Every NFL Team's Biggest Reason for Optimism Heading into Camps
The NFL offseason brings fresh hope and new beginnings. Teams and their fanbases hold optimism for the 2019 season because of player development, veteran acquisitions and talent from this year's draft class.
Franchises can shift short-term trajectories in one offseason. The Cleveland Browns selected Baker Mayfield with the first pick in the 2018 draft, and he already looks like a franchise quarterback primed to lead his team to the playoffs.
The Chicago Bears rose out of the basement to claim a division title in the NFC North with a new head coach, a blockbuster trade and multiple offensive acquisitions.
What can each club point toward for optimism this year? We'll take a look at all 32 rosters and highlight the biggest reason for each team to be excited about the 2019 season.
Arizona Cardinals: Kliff Kingsbury's Offense Set to Push Record Pace
We don't know exactly what to expect from Arizona Cardinals head coach Kliff Kingsbury's offense, though he may roll out a variation of the Air Raid scheme he used at Texas Tech over the last six years.
Running back David Johnson offered some insight that should grab everyone's attention. Kingsbury's offense may operate at a record tempo, per ESPN.com's Josh Weinfuss.
"We're going to get the ball down the field as fast as we can," Johnson said while estimating a whopping 99-95 plays per game. "We're trying to get a lot of plays in the game."
"That has never been done before, according to ESPN Stats & Information," Weinfuss wrote. "No team has averaged 80 offensive plays per game. In fact, it's rare for a team to run 90 plays in a game at all. There have been only 66 instances in which a team has reached that mark in a game, including overtime games, in the Super Bowl Era."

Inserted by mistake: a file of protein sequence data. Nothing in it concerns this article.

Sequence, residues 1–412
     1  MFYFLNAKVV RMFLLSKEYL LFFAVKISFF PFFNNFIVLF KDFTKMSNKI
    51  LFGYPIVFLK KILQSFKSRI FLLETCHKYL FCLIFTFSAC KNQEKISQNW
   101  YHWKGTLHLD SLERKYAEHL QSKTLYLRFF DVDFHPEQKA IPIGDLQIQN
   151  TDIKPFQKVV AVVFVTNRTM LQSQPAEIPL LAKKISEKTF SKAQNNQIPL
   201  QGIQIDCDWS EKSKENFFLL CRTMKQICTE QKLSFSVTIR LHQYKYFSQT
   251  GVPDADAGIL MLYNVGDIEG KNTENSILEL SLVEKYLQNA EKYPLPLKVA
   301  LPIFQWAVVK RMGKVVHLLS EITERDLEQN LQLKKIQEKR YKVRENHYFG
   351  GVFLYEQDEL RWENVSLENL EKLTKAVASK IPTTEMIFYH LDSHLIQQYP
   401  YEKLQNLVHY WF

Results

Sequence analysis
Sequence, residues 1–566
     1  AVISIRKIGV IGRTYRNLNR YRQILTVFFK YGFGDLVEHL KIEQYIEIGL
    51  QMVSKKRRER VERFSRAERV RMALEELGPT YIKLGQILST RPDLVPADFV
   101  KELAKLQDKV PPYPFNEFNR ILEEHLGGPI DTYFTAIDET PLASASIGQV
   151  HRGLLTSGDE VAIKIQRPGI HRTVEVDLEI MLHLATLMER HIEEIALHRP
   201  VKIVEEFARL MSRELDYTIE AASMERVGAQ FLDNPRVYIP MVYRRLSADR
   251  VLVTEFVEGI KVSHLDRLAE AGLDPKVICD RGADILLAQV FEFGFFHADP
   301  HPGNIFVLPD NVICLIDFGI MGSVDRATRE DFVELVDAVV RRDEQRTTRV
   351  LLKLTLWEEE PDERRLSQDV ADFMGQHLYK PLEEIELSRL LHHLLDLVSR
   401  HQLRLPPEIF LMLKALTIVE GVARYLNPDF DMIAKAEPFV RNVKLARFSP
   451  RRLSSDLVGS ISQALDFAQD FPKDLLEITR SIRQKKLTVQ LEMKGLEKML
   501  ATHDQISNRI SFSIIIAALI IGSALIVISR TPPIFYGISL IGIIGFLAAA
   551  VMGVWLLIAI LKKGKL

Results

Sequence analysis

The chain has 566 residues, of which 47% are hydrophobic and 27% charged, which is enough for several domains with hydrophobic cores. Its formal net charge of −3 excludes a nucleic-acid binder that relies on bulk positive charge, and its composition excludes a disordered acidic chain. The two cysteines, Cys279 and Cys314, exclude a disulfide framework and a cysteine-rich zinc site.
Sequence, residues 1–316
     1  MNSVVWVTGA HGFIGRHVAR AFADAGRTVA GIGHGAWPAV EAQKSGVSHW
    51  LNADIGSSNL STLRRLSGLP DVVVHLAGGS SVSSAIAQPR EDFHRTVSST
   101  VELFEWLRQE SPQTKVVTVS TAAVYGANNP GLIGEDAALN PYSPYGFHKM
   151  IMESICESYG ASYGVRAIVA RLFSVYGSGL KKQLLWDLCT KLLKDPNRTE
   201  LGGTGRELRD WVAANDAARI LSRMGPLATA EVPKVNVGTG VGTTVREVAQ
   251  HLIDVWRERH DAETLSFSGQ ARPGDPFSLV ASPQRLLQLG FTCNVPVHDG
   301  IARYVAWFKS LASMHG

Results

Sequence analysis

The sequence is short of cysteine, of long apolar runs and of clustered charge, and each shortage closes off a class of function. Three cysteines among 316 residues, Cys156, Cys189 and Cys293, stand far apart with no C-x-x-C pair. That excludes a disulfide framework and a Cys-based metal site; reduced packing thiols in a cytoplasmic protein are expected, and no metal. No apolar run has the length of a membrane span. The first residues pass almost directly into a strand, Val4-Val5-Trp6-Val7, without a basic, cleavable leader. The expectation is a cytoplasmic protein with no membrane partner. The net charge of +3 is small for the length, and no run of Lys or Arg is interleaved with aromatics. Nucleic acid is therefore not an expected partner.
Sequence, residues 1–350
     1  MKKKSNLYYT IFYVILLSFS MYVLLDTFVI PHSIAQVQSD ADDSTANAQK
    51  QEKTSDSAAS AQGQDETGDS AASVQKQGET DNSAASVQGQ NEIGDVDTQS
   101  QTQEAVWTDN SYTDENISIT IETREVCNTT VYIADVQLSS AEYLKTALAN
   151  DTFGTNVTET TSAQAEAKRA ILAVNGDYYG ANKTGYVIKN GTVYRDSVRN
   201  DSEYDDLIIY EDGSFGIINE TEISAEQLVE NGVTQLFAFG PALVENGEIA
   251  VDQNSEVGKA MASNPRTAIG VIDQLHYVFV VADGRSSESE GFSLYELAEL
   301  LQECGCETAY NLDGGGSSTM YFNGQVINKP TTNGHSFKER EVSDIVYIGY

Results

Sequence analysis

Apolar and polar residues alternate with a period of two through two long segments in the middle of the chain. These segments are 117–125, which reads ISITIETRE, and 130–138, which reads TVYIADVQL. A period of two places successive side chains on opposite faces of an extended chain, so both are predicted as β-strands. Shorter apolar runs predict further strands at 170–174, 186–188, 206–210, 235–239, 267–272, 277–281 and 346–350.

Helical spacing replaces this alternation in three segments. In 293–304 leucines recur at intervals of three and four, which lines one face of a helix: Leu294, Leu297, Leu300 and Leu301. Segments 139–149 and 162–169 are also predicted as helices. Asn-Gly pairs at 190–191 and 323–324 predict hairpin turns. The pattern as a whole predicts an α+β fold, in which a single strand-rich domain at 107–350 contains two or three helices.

In 2018, Arizona ran 902 plays, averaging a shade more than 56 per contest. That's a major difference between Johnson's expectations and the Cardinals offense last year, and teams will now have to figure out how to keep pace with a group consistently pushing the ball.
Kingsbury balked at outside talk about a pass-heavy objective going into each game. He envisions more balance, which bodes well for Johnson.
"It's going to be wide-open every single snap, throw it every play," Kingsbury said. "That's not what it's going to be."
As Johnson looks to rediscover his 2016 All-Pro form, he'll have an opportunity to do so in a potentially record-breaking offensive pace.
Atlanta Falcons: Fielding Arguably the Best Pass-Catching Group
Overlooked in a disappointing 2018 campaign, the Atlanta Falcons fielded one of the best wide receiver groups in the league. The top three wideouts on the depth chart (Julio Jones, Mohamed Sanu and Calvin Ridley) registered at least 60 catches and 800 yards. Don't forget tight end Austin Hooper, who earned his first Pro Bowl invite with 71 receptions for 660 yards and four touchdowns.
Tight ends coach Mike Mularkey thinks Hooper will continue to grow in the offense, per Matt Tabeek of the Falcons' official website.
"Mularkey said Hooper is one of those players with a 'high ceiling' and that bodes well for the young tight end," Tabeek wrote.
He and Sanu have improved their receiving yard totals every season in Atlanta; they're the understated playmakers in the pass-catching group.
Quarterback Matt Ryan will again be able to target a two-time All-Pro in Jones, who led the league in receiving yards (1,677) last year. Ridley is also available following an impressive rookie campaign in which he registered 821 yards through the air with a team-leading 10 touchdown grabs.
In 2018, the Falcons ranked fourth in passing yards, and Ryan tied quarterback Russell Wilson for third in touchdown passes (35). Because of his stable of playmakers on the perimeter, he's not a bad choice to win league MVP again.
Baltimore Ravens: Lamar Jackson's Target Options in Passing Game
Quarterback Lamar Jackson will need to answer critics who question his ability to hit targets through tight NFL windows, but he'll play with a group that can make his job a bit easier when throwing from the pocket.
The Baltimore Ravens added two dynamic wideouts in this year's draft: Marquise Brown (first round) and Miles Boykin (third round).